(The Trump administration last August lodged formal notification that the U.S. was pulling out of the Paris agreement. The actual withdrawal process takes at least three years.)

Last October the U.N. Intergovernmental Panel on Climate Change (IPCC) said limiting warming to 1.5 rather than two degrees is necessary to mitigate the worst impacts of climate change, and said the planet has only until around 2030 to do so – a warning some activists have summarized as “12 years to save the planet.”

“The latest IPCC report says that if we haven’t made the changes required by approximately the year 2030 we will probably set off an irreversible chain reaction beyond human control, that we will pass a point of no return, which will be catastrophic,” Thunberg told the crowd on Tuesday.

“It is still possible within the laws of physics to avoid the worst consequences of the climate crisis – but not for long, and not if we continue like this.”

Thunberg said the “older generations” and political leaders “have failed us.”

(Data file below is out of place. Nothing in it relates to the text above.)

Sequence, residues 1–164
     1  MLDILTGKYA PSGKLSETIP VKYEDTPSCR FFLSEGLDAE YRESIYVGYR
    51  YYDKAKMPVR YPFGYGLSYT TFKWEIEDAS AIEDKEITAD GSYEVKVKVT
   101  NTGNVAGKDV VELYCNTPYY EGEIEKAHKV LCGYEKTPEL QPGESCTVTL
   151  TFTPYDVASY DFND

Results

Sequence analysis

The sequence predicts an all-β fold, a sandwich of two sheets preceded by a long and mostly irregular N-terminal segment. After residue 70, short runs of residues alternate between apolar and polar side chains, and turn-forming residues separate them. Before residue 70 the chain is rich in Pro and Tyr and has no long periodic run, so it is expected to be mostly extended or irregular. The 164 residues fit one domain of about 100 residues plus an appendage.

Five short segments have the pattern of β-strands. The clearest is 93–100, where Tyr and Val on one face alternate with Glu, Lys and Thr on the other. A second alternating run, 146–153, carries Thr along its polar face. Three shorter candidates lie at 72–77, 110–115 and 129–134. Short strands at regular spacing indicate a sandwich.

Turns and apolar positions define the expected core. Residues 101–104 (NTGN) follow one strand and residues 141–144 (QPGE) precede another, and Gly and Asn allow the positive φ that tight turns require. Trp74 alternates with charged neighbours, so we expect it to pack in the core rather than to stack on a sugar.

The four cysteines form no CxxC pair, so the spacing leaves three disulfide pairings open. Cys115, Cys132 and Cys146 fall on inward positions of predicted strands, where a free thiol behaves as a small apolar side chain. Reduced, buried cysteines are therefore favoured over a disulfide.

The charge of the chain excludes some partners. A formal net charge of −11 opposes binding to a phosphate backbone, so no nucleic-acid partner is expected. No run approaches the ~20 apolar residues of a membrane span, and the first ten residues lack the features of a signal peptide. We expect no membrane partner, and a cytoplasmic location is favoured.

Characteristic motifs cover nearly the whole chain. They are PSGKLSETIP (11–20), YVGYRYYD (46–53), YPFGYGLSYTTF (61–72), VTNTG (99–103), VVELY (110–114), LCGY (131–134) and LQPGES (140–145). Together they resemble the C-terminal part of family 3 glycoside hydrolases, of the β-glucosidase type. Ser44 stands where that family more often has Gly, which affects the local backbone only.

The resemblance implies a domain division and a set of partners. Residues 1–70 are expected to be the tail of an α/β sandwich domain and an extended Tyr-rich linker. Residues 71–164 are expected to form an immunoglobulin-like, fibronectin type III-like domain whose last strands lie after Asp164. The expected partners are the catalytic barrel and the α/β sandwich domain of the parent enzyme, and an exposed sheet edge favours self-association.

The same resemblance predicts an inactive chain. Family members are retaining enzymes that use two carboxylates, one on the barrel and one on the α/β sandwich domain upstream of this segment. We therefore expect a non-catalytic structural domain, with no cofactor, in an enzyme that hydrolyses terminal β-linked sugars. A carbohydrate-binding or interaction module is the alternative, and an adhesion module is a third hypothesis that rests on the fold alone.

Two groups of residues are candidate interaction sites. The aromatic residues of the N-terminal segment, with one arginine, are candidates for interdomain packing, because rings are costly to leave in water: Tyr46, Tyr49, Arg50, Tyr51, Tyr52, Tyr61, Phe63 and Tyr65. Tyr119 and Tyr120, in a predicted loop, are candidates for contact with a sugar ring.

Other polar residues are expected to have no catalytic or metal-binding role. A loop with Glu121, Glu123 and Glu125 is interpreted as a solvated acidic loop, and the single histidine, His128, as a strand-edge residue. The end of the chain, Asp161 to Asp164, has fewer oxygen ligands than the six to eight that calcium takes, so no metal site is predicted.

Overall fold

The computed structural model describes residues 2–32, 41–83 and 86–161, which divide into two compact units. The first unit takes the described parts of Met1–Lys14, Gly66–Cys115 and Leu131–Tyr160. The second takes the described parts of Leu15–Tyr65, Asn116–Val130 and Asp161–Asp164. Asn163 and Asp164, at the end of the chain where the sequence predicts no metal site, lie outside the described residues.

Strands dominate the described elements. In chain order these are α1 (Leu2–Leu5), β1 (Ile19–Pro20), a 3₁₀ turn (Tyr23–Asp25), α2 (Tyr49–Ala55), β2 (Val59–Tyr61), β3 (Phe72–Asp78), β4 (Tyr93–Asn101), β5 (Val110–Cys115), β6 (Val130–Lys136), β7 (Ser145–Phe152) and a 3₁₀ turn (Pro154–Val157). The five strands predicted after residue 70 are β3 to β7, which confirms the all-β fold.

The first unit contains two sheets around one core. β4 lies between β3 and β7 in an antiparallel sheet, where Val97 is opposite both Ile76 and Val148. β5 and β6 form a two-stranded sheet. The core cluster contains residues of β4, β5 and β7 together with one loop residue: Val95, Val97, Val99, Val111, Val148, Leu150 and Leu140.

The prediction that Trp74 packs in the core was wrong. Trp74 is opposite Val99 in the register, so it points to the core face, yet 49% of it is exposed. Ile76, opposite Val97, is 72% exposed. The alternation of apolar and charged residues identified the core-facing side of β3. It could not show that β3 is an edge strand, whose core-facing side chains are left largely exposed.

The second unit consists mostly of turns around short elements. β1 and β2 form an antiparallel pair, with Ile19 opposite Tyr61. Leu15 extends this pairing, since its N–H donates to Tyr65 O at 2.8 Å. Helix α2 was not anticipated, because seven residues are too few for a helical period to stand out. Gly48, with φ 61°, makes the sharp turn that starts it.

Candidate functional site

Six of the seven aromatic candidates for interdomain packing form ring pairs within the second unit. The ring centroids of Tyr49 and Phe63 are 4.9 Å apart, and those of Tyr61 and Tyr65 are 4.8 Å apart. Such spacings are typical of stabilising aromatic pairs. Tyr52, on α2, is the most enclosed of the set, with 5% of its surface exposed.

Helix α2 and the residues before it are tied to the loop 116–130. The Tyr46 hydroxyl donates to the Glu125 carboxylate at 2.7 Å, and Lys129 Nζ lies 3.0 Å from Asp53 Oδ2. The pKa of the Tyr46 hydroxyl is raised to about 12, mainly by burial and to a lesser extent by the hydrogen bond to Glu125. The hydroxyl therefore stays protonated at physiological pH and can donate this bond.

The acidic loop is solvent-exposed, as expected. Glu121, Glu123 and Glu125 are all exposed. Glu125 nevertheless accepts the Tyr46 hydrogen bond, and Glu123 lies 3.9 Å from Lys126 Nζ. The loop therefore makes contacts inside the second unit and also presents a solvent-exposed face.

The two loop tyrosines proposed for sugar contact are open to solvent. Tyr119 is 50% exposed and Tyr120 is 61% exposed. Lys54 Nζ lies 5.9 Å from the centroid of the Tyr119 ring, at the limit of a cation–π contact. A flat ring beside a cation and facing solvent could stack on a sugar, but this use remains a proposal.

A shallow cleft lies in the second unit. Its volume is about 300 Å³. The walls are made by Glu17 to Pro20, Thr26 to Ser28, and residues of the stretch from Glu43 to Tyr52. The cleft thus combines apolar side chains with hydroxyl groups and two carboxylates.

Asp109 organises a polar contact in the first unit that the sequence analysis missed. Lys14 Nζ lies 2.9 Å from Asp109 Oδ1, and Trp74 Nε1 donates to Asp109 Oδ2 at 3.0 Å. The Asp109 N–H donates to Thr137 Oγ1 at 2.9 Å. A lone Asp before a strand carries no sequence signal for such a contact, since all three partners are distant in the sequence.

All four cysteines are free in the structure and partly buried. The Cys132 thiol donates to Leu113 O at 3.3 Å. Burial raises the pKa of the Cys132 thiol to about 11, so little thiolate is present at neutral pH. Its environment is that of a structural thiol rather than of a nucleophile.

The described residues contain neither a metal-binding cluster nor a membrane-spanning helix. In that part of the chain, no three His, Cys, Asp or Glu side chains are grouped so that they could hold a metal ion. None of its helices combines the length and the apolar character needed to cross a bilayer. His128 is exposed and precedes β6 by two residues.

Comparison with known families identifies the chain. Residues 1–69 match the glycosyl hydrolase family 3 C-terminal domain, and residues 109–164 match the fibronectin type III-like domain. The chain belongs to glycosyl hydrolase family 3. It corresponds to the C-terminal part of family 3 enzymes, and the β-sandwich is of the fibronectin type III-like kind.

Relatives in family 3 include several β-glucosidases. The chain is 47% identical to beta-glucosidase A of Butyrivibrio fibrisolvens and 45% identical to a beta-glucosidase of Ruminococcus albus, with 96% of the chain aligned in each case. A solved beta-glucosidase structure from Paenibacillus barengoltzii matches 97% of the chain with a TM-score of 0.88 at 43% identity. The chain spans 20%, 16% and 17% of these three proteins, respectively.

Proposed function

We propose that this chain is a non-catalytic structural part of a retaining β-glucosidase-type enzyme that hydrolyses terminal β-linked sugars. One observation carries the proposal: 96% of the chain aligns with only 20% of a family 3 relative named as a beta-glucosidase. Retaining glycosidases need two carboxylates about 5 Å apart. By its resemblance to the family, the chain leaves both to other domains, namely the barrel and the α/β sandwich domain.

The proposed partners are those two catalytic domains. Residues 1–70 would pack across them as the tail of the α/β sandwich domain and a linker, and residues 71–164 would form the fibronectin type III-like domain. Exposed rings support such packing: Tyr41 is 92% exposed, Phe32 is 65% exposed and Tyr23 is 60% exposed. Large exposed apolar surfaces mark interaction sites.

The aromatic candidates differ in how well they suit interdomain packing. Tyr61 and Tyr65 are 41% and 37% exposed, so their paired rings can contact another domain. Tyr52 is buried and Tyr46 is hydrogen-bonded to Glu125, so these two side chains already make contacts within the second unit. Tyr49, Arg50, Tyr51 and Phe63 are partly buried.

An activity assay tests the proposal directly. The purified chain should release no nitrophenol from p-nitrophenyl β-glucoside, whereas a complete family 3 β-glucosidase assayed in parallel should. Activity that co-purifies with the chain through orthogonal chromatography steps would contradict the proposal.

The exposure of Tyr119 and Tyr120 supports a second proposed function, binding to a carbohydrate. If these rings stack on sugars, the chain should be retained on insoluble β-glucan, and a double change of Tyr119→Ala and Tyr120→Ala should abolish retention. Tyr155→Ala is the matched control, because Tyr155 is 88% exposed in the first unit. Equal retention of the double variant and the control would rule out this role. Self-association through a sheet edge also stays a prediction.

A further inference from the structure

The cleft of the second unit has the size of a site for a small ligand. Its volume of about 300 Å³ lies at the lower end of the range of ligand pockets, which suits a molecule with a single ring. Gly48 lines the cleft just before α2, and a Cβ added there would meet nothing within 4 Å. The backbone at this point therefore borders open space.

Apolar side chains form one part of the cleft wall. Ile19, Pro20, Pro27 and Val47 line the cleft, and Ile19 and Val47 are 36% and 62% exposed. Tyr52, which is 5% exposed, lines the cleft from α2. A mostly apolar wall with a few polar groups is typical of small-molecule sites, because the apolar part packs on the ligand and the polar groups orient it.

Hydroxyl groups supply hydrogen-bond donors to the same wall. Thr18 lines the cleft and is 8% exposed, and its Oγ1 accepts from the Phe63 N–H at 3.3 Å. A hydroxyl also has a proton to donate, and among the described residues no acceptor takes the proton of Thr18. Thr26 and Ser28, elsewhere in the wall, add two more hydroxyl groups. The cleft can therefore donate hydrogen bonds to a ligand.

“This ongoing inaction of people in power and the companies responsible will in the future no doubt be remembered as a crime against humanity,” she said. “Those who know of the consequences of business-as-usual for all living species must be held accountable, if they’re still not doing anything.”


Addressing the R20 event in Austria, Schwarzenegger compared climate activism to “all the greatest movements in the history of mankind,” citing the anti-apartheid struggle and the fight for civil rights in the U.S. among others.

Like Thunberg, he also had strong criticism for politicians.

“They all flew to Paris in 2015 for COP 21 and they all sat down and they signed that they’re going to reduce greenhouse gases all over the world,” he said, referring to the U.N. climate summit known as the 21st “conference of the parties” to the U.N. Framework Convention on Climate Change.

“All the nations signed on, and they set certain goals. And now four years later – D’uh. D’uh.”